Entropion and retinal atrophy are two eye conditions that can affect Vizslas. Eye health can be certified annually through the Canine Eye Registration Foundation (CERF).
Other medical conditions to which Vizslas may be susceptible include hemophilia, heart defects, von Willebrand disease, and cancer. Vizsla dogs are sometimes allergic or sensitive to vaccines, chemicals, and common anesthetics. Food or skin allergies may also occur.
The Vizsla Club of America's (VCA) code of ethics regarding breeding states the following: "VCA members shall breed only those dogs who have a DNA number and are free of serious hereditary defects (including epilepsy, progressive retinal atrophy, Von Willebrands, entropion and cranial muscular atrophy), and are over two years of age and have been x-rayed and OFA-certified as free from hip dysplasia."
A Vizsla's greatest needs are exercise and human contact. Vizslas will often literally follow their owner(s) from one place to another within the house. While it's important to have access to a fenced yard or other area where your Vizsla can go for off-leash running, your dog's mental and emotional health will tend to suffer if he or she is required to sleep outdoors. A Vizsla can tolerate living in an apartment or smaller home, but only if you provide a lot of running and walking as compensation. Do not take on the responsibility of owning a Vizsla if you're not prepared to give it the ample attention and physical activity it requires.
With adult Vizsla dogs, try to replicate the sleeping conditions they had before moving into your home. A soft bed with exposure to the sun may be preferred. With Vizsla puppies, you may wish to create a partitioned area where they can play and sleep. Allow your puppy some time to explore its new home, and give it plenty of love and attention-along with a few treats. Vizsla puppies are known for being somewhat difficult to housetrain, and crate training is often recommended. Vizsla puppies also like to chew on things, so keep your puppy in certain areas of the house or make sure that any potentially dangerous snacks (e.g. electrical cords) are inaccessible.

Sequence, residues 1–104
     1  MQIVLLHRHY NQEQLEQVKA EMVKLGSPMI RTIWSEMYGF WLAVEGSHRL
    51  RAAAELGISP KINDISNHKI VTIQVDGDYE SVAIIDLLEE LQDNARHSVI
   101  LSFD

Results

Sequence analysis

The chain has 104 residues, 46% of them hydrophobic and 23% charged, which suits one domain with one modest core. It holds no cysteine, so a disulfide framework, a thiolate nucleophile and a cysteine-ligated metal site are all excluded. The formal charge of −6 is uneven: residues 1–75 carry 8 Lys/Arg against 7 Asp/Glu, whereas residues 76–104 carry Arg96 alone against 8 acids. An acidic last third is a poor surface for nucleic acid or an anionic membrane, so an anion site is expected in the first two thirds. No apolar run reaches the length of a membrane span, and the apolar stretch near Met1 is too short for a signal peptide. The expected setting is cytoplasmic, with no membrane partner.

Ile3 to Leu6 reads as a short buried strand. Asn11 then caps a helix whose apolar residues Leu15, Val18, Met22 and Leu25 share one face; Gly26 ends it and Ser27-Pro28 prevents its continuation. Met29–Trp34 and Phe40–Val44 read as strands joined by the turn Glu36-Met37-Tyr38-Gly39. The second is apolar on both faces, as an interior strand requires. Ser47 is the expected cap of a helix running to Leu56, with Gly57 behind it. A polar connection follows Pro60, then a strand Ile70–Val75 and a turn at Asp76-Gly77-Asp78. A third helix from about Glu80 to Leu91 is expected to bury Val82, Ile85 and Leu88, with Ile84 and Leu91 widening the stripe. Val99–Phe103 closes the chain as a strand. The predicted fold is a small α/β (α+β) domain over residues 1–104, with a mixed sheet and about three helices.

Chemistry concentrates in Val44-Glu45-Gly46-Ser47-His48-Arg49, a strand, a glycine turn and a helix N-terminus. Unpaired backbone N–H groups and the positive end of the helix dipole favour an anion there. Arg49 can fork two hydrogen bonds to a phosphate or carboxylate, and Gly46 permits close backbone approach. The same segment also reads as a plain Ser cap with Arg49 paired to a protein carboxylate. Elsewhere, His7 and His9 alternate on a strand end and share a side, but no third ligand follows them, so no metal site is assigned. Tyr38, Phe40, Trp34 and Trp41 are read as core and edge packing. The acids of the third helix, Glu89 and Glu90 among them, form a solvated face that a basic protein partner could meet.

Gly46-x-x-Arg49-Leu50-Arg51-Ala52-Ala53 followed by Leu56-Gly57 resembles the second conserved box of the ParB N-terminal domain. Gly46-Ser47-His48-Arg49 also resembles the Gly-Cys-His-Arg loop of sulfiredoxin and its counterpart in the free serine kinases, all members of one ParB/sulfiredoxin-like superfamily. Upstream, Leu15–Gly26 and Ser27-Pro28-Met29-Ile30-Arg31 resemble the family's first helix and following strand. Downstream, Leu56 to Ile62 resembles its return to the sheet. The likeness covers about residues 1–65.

If your Vizsla absolutely must sleep outdoors, then it's best to provide a shelter that is comfortable and well insulated. The Vizsla's thin coat offers little protection against cold weather. The shelter should offer enough room for your dog to move around, but don't make it too big. A smaller shelter will help your Vizsla to feel secure, and will also offer greater warmth.
A large yard and plenty of indoor and outdoor space is the best living situation for a Vizsla. Ideally, a Vizsla should not be left alone during the day. If necessary, employing a dog walker to exercise your Vizsla would help it to cope with daily absences.